Living with Mild Cognitive Impairment (MCI)

HABIT Healthy Action to Benefit Independence & Thinking

Welcome to the HABIT page for people living with Mild Cognitive Impairment (MCI) and program participants.  The HABIT Program is for individuals with MCI and their loved ones to learn the best strategies for adapting, coping, and living their best lives with MCI.

Follow the HABIT page to receive updates and information about adjusting to MCI and combating dementia. Our goal is to connect you with others and provide you with information and support.

PUBLIC PAGE
Apr 27 11:43am

Introduction: Creating your Resiliency Roadmap

By Dr. Dona Locke, HABIT AZ Director, @DrDonaLocke

Road to Resilience

 

Hello Mayo Clinic Connect members and visitors!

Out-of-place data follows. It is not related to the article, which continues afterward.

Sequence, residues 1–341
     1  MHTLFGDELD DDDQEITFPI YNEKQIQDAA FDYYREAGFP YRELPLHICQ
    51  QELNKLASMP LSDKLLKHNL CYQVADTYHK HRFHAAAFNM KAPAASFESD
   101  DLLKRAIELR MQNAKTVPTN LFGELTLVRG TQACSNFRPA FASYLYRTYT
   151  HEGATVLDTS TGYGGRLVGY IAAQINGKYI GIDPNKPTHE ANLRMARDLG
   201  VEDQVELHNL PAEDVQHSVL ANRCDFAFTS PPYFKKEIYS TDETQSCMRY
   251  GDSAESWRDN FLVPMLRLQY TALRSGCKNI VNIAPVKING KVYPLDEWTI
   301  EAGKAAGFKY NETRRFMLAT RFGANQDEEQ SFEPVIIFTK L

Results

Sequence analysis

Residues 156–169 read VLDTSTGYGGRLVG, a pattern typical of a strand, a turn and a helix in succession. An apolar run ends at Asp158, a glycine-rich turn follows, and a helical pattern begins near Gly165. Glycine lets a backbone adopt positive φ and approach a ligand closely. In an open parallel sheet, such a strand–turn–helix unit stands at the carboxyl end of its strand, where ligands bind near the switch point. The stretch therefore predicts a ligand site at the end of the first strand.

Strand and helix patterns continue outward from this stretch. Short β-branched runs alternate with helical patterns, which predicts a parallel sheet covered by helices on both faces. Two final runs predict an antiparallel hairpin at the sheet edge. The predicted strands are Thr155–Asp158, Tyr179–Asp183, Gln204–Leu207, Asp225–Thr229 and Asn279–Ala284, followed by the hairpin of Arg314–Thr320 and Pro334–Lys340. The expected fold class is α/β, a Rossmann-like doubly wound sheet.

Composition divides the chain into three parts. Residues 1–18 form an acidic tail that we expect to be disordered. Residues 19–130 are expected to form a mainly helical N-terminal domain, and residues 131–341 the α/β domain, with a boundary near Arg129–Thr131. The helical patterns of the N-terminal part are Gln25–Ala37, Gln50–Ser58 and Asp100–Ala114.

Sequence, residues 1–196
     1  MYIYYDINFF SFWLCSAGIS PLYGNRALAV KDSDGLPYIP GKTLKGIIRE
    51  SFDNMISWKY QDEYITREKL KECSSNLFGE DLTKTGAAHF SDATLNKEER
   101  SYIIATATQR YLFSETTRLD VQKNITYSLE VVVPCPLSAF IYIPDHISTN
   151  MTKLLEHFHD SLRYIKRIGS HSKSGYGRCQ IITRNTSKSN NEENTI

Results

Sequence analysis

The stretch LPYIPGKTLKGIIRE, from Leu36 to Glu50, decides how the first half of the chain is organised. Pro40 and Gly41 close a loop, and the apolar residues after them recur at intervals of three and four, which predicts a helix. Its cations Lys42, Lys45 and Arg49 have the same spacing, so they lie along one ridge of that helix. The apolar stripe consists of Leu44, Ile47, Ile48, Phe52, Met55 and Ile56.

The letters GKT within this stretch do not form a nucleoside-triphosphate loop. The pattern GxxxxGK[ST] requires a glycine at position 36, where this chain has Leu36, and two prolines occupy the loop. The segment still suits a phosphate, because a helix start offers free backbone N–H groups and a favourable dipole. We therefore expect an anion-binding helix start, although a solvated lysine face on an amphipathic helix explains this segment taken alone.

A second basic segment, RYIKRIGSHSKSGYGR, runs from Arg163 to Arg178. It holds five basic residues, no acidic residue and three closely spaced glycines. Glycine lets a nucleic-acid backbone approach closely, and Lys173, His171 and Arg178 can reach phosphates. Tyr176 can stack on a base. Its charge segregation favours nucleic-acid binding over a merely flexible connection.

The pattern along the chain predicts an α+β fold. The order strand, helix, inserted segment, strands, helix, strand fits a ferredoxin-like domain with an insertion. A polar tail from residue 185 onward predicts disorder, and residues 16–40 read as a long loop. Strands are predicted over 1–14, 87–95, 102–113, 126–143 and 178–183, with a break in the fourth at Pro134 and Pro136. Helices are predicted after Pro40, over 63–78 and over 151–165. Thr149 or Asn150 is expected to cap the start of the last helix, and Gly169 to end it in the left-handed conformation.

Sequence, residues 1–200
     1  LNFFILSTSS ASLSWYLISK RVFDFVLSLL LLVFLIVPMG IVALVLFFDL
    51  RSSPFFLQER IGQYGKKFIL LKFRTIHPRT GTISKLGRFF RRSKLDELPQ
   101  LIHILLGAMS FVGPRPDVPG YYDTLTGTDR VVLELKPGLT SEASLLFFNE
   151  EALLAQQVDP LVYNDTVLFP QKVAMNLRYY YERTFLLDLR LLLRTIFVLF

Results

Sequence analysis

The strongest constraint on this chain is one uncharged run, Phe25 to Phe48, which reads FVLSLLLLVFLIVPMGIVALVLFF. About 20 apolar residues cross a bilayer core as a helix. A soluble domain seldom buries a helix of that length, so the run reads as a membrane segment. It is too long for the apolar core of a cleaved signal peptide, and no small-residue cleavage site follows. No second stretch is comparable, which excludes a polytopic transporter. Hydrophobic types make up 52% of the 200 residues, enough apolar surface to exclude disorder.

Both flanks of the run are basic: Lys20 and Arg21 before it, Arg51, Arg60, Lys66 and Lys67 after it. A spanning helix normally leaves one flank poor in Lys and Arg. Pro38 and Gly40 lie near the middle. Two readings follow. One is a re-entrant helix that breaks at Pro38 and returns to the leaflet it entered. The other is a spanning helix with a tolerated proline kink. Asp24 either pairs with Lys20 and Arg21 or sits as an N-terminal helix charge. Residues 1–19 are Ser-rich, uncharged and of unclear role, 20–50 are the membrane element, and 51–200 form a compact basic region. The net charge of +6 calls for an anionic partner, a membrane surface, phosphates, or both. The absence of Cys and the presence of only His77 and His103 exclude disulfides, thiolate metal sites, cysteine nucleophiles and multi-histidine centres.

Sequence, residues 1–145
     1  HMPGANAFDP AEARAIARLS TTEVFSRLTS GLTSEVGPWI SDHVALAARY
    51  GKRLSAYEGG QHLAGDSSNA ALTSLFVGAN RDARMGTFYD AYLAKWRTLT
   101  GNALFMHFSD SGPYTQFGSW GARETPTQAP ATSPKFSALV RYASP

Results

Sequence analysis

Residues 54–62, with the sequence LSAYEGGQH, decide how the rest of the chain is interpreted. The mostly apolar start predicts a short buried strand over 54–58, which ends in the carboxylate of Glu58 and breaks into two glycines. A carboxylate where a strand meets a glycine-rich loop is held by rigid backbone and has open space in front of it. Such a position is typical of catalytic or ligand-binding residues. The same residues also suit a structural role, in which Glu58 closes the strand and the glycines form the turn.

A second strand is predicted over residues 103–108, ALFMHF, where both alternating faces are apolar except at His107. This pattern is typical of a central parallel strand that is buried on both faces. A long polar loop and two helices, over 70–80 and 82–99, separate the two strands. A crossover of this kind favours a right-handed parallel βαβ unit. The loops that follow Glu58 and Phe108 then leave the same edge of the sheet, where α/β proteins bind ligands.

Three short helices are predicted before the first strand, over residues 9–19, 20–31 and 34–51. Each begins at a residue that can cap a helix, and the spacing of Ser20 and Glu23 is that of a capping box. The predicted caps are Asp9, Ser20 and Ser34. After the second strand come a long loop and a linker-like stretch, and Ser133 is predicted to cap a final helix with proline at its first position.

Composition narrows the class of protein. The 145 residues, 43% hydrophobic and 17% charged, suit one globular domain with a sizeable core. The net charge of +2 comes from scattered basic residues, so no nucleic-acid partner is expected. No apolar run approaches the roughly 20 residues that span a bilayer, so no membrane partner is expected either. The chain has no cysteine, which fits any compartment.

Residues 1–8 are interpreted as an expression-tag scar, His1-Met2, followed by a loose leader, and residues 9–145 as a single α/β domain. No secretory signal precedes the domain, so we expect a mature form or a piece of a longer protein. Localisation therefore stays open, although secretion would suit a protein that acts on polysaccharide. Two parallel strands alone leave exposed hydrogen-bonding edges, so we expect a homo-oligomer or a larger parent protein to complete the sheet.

This page is typically focused on topics that might be of benefit specifically to those living with Mild Cognitive Impairment (MCI). Because of all the changes to our practice due to COVID-19, I've found myself in a new role here at Mayo Clinic--Resiliency workshop leader for our Mayo Clinic Arizona staff. Resilience is the ability to adapt to, or bounce back from, challenging life situations. A psychologist at the University of Nebraska, Dr. David Cates recognizes that it isn't just patients who are at risk for psychological distress in a situation like the COVID-19 pandemic--our health care workers are at risk, too. For example, in a recent article reporting survey results from over 1250 physicians and nurses from China showed that the majority reported some sort of distress (depression, anxiety, insomnia) after their time as health care workers during the COVID crisis. I read about Dr. Cates's work in this piece by the American Psychological Association in early March and reached out to him immediately. He was kind and generous in sharing his work--both how he helps patients and how he supports his fellow health care workers. Since then, we've implement his Resiliency Roadmap workshop here at Mayo Clinic Arizona for all staff in all capacities to help us all build our resiliency in this time of COVID-19 changes.